Eleven-year-old angler lands 503.8-pound marlin
LAHAINA – The Hinatea joined the 500-pound marlin club with a 503.8-pound blue by 11-year-old Declan Allan. He was fishing with his dad, Hunter; Capt. Greg France; and deckman James Edmisson.
They were trolling just outside the 100-fathom ledge off Manele Bay, Lanai, when they had a blind strike on the long corner position. James was on the helm, with the fish ripping out 200-300 yards of 100-test line before he could get the boat slowed. They were running light drag because of the spearfish that had been hanging around in the area.
The fish took another 100 yards before it came up jumping. Greg saw it was a good-sized blue and let it jump and run, hoping to tire itself out as Declan got settled into the chair. The marlin finally calmed down, giving James enough time to get Declan clipped into the bucket harness.
The marlin slowed its run after 4-5 minutes – and half-a-spool later – staying near the surface. Greg started to reverse the boat after the fish, in and out of gear, as he watched Declan in the chair. They gained about 100 yards back before the marlin made another run. It lunged peck high out of the water, pushing a lot of whitewater and showing them how big it was.
Declan was ready for a battle, said James. He was awesome. He is a lacrosse goalie, and you could tell he is tough. Declan was pretty calm during the fight – it was James and his dad who were nervous.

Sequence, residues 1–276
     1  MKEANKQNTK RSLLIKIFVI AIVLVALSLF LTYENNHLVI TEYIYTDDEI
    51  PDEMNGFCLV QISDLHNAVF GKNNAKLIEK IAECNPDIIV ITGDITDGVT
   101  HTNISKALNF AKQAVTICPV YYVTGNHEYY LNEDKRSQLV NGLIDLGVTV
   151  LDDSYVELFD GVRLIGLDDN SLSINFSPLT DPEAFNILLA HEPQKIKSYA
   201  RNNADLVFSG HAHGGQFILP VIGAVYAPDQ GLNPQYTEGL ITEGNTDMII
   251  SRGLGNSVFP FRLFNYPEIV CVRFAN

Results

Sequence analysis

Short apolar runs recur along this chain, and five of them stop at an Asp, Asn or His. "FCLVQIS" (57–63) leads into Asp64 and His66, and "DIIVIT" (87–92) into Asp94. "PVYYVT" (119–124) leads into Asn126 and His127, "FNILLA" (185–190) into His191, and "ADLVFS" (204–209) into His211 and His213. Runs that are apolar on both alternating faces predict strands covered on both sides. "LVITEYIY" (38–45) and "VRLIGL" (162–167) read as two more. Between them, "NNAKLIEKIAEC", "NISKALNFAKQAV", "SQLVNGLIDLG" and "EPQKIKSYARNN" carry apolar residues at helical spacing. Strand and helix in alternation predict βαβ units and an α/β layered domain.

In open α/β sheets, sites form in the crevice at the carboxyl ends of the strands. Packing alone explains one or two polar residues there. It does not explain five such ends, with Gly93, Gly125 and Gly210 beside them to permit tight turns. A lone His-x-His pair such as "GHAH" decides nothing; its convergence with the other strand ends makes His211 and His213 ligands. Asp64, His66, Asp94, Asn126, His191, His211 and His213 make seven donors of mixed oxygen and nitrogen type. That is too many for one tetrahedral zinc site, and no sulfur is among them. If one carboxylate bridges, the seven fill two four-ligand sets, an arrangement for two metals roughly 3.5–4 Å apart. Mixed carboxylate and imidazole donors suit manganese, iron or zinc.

Greg had the boat in reverse for about 20 minutes. Declan went as hard as he could and didn’t give up, stacking the line like a seasoned angler.
As they got the marlin 100 yards away, it headed deep. With the fish straight up and down under the boat, Declan started to pump the rod and work his fish, getting lifted up in the bucket harness.
James taught Declan how to “Portuguese pull” the line and crank, with him getting a half-a-crank at a time. His dad stood to the right side of the chair, and when Declan’s arms started to tire, he would hold the rod and take a few cranks to give him a rest.
As the marlin got about 50 feet deep, finally showing deep color, it was swimming slowly with the boat. They could see the fish and could tell what was going on. As it came up to leader, it only made a few cutbacks across the stern, trying to head under the boat.
Greg kept the boat idling ahead as James muscled the marlin to the starboard side. Once James finally grabbed a wrap on the leader, the fish was pretty tired, putting up little resistance. After getting it secured, they pulled it through the stern door onto the deck.
The lead hook had been stuck in the mouth with the trailing hook underneath the jaw. The lead hook came out, with just the trailing hook barely snagged under the jaw.
The hook was bent slightly open with the tip bent over 45 degrees. If the marlin had made another run, they probably would have lost the fish.